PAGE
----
Learn How to Set Up Primary/Secondary DNS in CentOS / RHEL 7.6
DNS is mainly used to resolve host-names, which means it can easily bind IP addresses into a fully qualified domain name (FQDN) like www.linuxteck.com or www.google.com to IP addresses like 184.108.40.206 / 220.127.116.11. It is one of the basements of the internet. When you look for a domain name in a browser, it sends a question over the net to take a look at the domain with its corresponding IP address. Once identified, it uses the IP address to retrieve the website’s information. This whole technique takes simply milliseconds. DNS terms are used by many names, like name servers, domain name systems and nameservers.
Here we are going to look at the Primary/Secondary* DNS concept. The main DNS server is also known as the Primary DNS Server. In Linux, we will be using popular software to install DNS named BIND. It stands for ( Berkely Internet Name Domain), we implement DNS Service/Protocol used to translate Domain Name into IP address and IP address into Domain Name.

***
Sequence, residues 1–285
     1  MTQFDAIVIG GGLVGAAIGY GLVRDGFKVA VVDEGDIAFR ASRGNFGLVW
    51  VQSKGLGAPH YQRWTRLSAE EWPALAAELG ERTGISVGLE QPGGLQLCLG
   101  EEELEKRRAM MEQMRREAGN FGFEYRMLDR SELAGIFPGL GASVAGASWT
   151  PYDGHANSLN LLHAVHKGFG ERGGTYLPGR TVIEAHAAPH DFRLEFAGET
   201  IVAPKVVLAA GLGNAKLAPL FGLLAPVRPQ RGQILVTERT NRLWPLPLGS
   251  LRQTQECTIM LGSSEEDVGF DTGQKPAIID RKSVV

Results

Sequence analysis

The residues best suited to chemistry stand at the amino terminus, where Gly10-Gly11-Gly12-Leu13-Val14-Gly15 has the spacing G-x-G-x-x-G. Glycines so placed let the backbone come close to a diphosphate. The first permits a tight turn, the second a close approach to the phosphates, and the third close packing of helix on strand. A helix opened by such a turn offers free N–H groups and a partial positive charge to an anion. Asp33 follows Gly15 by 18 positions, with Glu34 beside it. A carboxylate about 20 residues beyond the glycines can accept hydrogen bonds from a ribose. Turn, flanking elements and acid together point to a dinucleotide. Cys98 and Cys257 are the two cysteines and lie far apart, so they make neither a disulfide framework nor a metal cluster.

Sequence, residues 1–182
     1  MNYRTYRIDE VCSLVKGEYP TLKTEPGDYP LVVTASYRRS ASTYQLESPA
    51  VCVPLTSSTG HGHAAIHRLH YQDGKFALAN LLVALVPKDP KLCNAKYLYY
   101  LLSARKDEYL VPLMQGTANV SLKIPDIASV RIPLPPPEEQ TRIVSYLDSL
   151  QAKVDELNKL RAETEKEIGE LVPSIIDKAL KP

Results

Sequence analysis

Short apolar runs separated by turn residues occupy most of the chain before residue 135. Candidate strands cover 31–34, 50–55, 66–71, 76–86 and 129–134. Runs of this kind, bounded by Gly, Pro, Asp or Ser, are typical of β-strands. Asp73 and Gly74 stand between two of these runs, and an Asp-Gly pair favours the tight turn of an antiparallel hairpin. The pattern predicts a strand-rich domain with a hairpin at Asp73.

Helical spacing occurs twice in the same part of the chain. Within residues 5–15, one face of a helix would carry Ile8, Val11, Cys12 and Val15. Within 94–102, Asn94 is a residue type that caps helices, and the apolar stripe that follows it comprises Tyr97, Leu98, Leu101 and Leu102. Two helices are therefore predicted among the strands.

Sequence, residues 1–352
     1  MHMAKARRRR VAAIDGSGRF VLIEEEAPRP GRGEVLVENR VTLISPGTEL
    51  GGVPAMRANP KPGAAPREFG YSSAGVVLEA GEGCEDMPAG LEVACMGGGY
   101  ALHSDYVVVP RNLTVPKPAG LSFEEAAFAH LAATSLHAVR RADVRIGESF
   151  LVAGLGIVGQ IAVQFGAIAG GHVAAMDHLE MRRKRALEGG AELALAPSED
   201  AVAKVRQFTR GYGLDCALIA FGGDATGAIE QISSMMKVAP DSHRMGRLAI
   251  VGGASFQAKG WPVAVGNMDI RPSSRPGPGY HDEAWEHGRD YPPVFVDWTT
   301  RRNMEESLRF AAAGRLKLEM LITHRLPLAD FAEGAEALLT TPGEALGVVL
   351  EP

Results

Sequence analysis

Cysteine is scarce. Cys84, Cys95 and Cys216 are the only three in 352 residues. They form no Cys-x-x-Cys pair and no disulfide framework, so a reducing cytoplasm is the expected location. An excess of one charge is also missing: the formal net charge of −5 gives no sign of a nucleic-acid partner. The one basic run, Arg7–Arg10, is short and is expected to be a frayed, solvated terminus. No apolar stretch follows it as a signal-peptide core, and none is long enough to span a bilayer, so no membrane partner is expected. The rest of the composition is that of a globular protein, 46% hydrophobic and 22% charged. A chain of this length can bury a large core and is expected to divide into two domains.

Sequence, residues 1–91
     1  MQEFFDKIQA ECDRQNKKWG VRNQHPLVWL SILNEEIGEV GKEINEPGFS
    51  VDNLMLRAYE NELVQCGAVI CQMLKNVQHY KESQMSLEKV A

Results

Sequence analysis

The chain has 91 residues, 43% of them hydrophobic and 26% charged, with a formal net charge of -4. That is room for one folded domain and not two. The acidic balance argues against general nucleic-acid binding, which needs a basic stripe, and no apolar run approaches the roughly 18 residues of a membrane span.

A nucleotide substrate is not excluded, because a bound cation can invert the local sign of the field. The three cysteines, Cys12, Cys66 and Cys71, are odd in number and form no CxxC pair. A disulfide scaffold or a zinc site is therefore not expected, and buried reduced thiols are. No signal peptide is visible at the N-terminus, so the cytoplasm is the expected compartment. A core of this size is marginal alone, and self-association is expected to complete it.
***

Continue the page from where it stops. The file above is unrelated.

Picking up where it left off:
The Secondary DNS Server acts as a Backup server or a Load Balancer of the Primary DNS Server. This will fetch all DNS zone records from the Primary server. The Secondary server is a typically a copy of the Main.. The main advantage of using this setup is that when the Primary DNS server goes down for some reason or is unavailable then it can provide redundancy. This means it will accept all queries from the end users. The user may not know whether his request is going through the Primary or Secondary DNS. They get the page whose link they clicked on.
* The terms “master” and “slave” in a technical setting are falling into disuse in favor of more accurate and inclusive language.
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Source: Linux Today